Genesis 1:11 And God said, Let the earth bring forth grass, the herb yielding seed, and the fruit tree yielding fruit after his kind, whose seed is in itself, upon the earth: and it was so.
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Texas bluebonnets near Lake Texoma – Canon Rebel T3i 600D
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Wildflowers – Bluebonnets:
The bluebonnet is in the Lupinus genus. The Texas legislature officially adopted it as the State Flower in 1901. The plant draws its name from its color and because the flower petals look similar to a sunbonnet. Texas hosts six species of bluebonnet; the flower’s aliases include wolf flower, buffalo clover and el conejo.
The bluebonnet may grow a foot high with flowers up to 3/4 inch long and up to 2 ¼ inches wide. The flowers have a mild fragrance. Bluebonnets bloom from late March through April; you can spot them in fields and along roadways.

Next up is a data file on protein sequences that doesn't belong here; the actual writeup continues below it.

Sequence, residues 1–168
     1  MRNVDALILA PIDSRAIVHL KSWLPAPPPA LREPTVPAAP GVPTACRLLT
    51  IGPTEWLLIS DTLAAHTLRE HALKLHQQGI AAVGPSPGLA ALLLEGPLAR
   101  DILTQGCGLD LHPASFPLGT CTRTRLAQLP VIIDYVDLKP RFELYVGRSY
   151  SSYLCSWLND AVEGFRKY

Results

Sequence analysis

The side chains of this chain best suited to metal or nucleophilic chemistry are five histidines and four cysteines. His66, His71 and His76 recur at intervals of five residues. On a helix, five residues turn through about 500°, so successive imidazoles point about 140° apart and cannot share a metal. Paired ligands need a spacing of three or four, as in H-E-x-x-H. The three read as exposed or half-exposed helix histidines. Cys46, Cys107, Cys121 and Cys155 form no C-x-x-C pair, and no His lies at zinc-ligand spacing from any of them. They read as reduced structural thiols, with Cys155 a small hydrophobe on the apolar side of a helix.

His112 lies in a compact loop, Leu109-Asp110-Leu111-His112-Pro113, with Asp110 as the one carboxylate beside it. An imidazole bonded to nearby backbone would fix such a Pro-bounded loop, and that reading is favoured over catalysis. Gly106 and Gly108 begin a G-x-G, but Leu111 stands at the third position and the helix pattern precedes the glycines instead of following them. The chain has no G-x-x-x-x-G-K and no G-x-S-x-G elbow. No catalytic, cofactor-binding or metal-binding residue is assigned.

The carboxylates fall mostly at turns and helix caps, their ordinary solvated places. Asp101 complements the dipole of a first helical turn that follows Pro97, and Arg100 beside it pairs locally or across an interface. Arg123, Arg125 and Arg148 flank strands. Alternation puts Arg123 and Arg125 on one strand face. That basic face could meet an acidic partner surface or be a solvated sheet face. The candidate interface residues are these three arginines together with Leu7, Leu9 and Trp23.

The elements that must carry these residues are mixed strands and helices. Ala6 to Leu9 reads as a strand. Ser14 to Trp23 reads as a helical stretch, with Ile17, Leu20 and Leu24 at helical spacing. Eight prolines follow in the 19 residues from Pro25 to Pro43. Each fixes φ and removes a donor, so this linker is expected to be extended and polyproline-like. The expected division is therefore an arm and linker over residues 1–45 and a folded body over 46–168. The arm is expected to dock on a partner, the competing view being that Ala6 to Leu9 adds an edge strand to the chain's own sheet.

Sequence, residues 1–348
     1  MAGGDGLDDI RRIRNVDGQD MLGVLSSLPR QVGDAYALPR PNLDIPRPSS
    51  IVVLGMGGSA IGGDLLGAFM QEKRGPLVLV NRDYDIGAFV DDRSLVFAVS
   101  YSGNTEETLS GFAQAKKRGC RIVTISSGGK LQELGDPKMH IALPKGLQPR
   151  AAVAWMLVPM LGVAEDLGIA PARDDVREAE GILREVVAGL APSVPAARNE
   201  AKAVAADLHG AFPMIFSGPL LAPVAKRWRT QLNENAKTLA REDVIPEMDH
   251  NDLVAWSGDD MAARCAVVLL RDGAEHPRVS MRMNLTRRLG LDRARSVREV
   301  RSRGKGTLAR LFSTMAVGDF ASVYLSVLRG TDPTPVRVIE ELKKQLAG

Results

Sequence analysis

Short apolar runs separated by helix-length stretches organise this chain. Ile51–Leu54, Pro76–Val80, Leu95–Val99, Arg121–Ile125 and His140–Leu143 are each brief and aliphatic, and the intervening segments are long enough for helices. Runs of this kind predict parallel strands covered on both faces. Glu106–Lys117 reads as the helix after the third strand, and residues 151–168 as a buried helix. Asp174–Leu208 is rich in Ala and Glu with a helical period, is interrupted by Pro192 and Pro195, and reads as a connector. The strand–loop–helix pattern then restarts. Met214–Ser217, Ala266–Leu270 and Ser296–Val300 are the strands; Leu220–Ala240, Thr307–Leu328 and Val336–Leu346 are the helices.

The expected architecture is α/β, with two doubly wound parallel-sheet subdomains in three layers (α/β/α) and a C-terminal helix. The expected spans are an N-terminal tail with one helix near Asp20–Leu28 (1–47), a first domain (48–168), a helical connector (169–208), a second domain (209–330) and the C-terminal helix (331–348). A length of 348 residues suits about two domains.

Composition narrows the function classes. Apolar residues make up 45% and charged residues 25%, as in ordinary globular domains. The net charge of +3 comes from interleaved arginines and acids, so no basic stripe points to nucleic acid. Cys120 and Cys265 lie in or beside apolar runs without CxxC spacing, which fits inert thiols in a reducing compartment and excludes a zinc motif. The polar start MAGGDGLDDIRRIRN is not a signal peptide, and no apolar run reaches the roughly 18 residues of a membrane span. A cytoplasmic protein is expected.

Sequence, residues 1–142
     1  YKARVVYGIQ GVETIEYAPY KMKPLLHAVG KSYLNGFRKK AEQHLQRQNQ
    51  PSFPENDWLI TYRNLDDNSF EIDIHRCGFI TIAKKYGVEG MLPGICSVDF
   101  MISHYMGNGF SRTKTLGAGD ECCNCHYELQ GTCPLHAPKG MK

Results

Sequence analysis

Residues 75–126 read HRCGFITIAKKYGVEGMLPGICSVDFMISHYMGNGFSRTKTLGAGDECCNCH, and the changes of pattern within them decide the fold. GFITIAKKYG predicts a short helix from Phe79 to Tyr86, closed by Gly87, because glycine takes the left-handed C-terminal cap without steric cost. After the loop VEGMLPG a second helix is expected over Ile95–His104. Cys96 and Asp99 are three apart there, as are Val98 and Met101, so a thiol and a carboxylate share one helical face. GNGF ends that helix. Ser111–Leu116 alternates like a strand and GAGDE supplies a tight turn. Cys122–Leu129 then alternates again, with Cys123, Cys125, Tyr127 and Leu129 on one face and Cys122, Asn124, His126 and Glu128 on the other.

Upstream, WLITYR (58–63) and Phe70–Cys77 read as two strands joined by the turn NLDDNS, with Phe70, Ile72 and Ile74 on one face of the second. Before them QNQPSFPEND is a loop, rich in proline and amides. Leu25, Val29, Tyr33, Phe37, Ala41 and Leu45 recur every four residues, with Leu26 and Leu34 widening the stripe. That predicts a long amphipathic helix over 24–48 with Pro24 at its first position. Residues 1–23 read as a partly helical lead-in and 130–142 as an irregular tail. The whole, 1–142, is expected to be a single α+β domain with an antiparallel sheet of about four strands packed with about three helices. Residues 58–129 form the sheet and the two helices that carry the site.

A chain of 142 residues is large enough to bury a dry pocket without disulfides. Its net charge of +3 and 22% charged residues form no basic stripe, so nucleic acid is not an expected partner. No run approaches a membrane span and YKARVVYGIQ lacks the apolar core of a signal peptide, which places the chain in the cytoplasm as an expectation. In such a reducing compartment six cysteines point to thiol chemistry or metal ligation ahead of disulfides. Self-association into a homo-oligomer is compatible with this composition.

Fall is the best time for planting; over the winter they can develop a large root system to produce abundant flowers in the spring. Common seed colors are slate blue and tan. You can now purchase scarified seeds that will germinate in 10 days. Seeds that have not been scarified (chemically treated) have low germination rates; in the past bluebonnet seeds required months to germinate. Do not expect much the first season, as germination is delayed, which ensures survival of the species when conditions are not desirable. Bluebonnets will grow in most soils and need 8 to 10 hours of sunlight per day, along with good drainage.
Read more: Bluebonnet Flower Information | eHow http://www.ehow.com/about_6467780_bluebonnet-fl...